Unless you were totally out of the loop this past weekend, you were aware of the softball and baseball opening ceremonies that happened across the state, including ceremonies right here in Windham. (Be sure to see our sports page.) Every team imaginable from the Little Leagues, both boys and girls on up to high school men and women participated. The Ciccarone Ball Diamond on Lowell Field in East Windham was packed. I suspect there might be one or two players there who hope to become the next baseball great.
Baseball is a perfect way to kick off the month of May. It also seems to be a popular month to bring about awareness to many things in life that are important to us, like eating.
May is known as National Salsa Month, National Hamburger Month and National Strawberry Month.
But it is also the month of more serious concerns that often affect our lives directly, either through personal experience or through that of a loved one. Health issues such as Lyme disease, stroke and brain cancer are a few examples.
Another health issue focus for this month is Amyotrophic Lateral Sclerosis (ALS). It touched and then took a life of a close friend. I have written about this subject more times than I’d prefer and every time I write about ALS, I am usually required to follow those three ominous initials with the sentence, “otherwise known as Lou Gehrig’s Disease.”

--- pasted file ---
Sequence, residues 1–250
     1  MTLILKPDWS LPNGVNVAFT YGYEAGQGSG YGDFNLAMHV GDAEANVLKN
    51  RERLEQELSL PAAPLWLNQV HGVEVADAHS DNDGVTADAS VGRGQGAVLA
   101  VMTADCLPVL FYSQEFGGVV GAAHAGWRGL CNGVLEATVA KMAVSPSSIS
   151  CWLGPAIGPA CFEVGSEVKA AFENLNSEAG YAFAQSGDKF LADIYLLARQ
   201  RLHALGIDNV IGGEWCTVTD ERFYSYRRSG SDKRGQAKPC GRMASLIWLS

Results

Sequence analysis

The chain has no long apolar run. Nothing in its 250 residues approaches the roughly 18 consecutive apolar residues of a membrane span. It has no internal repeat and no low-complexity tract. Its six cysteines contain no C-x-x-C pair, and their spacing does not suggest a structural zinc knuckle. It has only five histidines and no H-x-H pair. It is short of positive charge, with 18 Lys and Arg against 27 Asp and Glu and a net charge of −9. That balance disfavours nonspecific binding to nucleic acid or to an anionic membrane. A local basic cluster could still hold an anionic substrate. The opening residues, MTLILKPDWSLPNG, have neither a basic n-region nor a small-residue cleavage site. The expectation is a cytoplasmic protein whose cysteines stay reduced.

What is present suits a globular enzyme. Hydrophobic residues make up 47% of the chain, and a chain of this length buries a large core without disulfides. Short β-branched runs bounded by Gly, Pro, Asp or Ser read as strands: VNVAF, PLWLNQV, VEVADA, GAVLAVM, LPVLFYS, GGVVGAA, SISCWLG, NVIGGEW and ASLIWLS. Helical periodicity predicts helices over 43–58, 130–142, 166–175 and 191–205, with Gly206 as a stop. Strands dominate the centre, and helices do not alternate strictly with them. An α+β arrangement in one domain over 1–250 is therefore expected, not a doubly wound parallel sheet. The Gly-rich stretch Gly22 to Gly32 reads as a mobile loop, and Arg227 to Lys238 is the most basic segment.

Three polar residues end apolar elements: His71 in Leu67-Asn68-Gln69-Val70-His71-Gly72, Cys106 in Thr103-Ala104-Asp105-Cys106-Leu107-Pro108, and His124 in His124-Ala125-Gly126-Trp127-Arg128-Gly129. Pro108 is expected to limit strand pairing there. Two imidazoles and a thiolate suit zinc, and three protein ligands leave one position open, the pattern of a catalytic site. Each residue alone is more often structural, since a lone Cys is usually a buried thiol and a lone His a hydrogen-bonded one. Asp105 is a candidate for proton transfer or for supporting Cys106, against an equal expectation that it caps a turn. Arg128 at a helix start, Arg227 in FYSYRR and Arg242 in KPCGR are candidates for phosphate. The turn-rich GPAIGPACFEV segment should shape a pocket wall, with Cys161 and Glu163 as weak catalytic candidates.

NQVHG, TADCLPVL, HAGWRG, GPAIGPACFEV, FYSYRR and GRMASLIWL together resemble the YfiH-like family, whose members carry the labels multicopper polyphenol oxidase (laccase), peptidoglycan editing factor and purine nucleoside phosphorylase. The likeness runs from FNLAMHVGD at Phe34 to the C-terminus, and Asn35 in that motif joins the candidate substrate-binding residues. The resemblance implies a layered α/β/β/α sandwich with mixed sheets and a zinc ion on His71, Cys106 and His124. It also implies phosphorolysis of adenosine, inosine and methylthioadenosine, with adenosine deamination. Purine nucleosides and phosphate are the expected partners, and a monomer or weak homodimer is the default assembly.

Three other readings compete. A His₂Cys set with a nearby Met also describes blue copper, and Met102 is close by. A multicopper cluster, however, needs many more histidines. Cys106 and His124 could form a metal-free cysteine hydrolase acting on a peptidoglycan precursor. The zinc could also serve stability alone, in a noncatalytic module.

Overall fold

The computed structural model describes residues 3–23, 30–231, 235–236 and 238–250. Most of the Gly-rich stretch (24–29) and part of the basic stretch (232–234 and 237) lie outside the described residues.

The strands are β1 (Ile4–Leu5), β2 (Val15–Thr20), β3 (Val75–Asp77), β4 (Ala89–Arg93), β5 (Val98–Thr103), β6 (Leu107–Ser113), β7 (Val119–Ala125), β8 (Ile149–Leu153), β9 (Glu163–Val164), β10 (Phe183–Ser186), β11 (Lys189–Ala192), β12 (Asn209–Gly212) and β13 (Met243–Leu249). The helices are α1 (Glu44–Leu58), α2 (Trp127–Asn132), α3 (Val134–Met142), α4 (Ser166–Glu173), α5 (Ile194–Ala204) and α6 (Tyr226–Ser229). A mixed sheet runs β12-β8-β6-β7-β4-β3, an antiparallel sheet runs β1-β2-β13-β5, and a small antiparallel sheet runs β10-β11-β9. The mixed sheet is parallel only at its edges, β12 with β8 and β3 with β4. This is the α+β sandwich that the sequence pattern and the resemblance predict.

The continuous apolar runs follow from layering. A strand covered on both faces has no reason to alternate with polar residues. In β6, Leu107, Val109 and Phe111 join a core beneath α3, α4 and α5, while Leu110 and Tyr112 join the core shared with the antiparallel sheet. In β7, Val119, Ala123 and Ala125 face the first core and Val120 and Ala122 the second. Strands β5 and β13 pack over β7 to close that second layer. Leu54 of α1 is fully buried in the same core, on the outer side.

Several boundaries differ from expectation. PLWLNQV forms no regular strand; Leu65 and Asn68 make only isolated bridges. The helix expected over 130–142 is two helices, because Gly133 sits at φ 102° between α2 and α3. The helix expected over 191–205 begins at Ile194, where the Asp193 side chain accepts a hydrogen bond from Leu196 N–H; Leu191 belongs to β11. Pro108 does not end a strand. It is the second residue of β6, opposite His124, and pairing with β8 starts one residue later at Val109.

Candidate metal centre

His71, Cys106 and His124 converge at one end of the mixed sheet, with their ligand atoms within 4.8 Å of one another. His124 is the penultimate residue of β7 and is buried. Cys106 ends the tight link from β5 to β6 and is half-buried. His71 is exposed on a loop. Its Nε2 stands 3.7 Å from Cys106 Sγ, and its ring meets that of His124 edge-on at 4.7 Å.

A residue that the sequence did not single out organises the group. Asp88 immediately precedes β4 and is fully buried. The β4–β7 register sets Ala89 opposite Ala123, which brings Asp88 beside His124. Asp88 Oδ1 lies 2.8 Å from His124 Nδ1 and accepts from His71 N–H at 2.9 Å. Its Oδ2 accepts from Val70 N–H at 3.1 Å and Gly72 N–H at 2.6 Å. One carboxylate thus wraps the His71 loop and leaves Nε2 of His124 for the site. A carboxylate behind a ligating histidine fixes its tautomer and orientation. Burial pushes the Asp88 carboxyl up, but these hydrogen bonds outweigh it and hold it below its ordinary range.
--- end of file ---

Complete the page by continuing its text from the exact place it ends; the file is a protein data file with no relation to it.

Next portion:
This will be the last time as an author that I will use that sentence to describe this syndrome, and this is the reason why:
In her book, “I Remember Running: The Year I got Everything I Ever Wanted - and ALS”, Darcy Wakefield my friend, explained her perception of Lou Gehrig and his constant association with ALS.
“Here’s my main concern with calling my syndrome ‘Lou Gehrig’s’: To name this disease after a white male almost allows us to forget that ALS is an equal-opportunity illness . . . to name ALS after someone who died from it isn’t exactly encouraging or hopeful . . . [and] . . . I’m sure he’d rather be remembered for his baseball career.” (p. 37)
Additionally, to use the term “Lou Gehrig’s Disease” when we really mean ALS, softens the realities. There is a vaguely pleasing tone to the name Lou as if he could be one of our jolly uncles. To use his name does not address the struggle, pain and exceptional challenges that go with ALS. If someone reads the words Amyotrophic Lateral Sclerosis and they don’t know what it is, we have Google now. They can look it up. In doing so, the harsher realities of the disease can increase awareness needed to take some form of positive action. But also, if we keep using his name in this way, it’s possible that he will become known more for a disease rather than as a baseball player to be admired.
Wouldn’t you want to be remembered for your life passion and talent? I would. From this point on as an author - it is Lou Gehrig - the baseball great!